Don Lemon spars with 2024 GOP Presidential contender over the Civil War

Second Amendment

CNN’s Don Lemon argued with GOP presidential candidate Vivek Ramaswamy on Wednesday, telling him that his interpretation of the Civil War was “insulting” to himself and Black Americans.

Lemon and Ramaswamy engaged in a heated debate after CNN’s Poppy Harlow asked the candidate about the speech he gave to the National Rifle Association where he connected the Civil War with advancing gun rights, saying that the Democratic Party wanted to put Black people “back in chains.”

“That war was fought for Black people to have freedoms in this country. Yeah, actually, that’s why the Civil War was fought. The sad thing is…” Ramsawamy said.

“The Civil War wasn’t fought for poor Black people to have guns,” Lemon interjected.

Ramaswamy argued that Black people “did not get to enjoy the other freedoms until their Second Amendment rights were secured,” to which Lemon responded: “Black people still aren’t allowed to enjoy the freedoms.” Ramaswamy told him that he disagreed with Lemon’s response, saying that he was doing a “disservice” to the country.

“When you are in Black skin and then you live in this country. Then you can disagree with me, but we’re not,” Lemon hit back. Ramaswamy again said that he disagreed with the CNN anchor, and started to compare Black Americans today to 1865 and 1964.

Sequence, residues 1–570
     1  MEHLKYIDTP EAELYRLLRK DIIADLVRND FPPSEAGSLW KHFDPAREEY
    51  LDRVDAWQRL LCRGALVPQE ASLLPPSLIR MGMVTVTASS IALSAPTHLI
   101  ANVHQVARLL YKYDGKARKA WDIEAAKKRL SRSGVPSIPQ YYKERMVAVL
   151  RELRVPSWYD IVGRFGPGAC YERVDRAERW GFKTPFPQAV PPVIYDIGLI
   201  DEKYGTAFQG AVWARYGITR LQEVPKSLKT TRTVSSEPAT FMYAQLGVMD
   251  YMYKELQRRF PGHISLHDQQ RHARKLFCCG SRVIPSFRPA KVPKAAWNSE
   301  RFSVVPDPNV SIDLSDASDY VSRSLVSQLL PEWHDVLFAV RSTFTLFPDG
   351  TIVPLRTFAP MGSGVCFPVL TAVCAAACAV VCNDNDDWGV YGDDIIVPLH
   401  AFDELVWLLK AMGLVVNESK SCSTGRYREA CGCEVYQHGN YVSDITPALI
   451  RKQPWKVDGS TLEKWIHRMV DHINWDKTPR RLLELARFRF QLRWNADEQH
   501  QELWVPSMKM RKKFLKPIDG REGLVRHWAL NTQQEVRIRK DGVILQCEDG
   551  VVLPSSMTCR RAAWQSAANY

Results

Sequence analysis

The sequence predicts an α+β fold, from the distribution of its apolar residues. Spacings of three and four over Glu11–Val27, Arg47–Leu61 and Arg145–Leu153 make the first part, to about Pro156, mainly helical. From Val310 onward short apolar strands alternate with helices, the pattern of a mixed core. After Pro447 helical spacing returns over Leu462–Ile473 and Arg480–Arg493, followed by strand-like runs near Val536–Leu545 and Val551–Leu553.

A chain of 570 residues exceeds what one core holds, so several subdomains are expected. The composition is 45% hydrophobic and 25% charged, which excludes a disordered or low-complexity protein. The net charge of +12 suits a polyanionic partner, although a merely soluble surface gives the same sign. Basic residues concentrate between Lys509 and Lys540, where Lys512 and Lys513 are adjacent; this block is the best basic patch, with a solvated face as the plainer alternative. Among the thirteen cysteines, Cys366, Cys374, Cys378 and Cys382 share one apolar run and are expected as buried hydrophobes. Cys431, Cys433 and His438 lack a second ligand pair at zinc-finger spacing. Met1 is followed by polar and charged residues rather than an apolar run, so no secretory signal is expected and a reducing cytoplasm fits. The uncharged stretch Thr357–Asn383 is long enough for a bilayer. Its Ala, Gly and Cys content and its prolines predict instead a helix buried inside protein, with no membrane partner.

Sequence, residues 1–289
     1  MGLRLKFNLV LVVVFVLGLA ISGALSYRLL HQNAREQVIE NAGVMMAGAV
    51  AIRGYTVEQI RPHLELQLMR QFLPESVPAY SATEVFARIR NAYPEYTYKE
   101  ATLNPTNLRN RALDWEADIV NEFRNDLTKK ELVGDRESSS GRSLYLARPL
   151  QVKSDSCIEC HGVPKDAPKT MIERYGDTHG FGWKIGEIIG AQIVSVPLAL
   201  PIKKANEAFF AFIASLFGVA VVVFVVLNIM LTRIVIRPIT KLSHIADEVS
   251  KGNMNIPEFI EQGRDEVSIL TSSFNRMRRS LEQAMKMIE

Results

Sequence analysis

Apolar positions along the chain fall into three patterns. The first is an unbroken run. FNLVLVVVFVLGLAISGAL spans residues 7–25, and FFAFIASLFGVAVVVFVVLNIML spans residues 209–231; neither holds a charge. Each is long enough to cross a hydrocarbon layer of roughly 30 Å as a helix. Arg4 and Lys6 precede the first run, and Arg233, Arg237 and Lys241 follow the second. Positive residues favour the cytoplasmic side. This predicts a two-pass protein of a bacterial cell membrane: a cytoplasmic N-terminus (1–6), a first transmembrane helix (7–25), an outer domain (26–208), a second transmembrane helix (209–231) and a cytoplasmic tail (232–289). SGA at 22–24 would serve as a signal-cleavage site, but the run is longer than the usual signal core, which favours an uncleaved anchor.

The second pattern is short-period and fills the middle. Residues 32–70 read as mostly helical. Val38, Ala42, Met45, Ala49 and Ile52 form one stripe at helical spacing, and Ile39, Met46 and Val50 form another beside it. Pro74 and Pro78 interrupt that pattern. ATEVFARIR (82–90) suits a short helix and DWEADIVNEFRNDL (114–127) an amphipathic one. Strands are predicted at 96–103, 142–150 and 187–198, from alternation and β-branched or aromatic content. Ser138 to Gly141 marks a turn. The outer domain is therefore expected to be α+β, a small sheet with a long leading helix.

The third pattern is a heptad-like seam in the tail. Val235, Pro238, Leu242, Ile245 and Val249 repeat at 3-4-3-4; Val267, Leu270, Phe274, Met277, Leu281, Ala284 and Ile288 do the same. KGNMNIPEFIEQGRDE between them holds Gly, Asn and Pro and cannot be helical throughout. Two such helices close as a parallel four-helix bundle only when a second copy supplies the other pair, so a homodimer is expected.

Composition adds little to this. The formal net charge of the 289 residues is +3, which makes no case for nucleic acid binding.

Lemon told him that drawing such comparisons is “insulting to Black people.” He said to reduce the reason for the Civil War to a fight to give African Americans guns in a speech to the NRA was “reductive.”

“It’s insulting to me as an African American, I don’t want to sit and argue with you. Because it’s infuriating for you to put that to put those things together. It’s not right. You’re telling of history is wrong,” Lemon said.

Vamaswamy then said that Lemon’s explanation was “actually insulting, including to Black Americans,” prompting a heated response from Lemon.

“The part that I find insulting is when you say today Black Americans don’t have those rights after we have gone through that civil rights revolution,” Ramasawamy said.

“You are sitting here telling an African American about the rights and what you find insulting about the way I live, the skin I live in every day,” Lemon said.

The exchange ended with Lemon saying that there should be a debate, but in an “honest” and “fair” way, which he said is not what Ramaswamy is doing. He said he appreciated Ramaswamy coming on and shook his hand before ending the segment.

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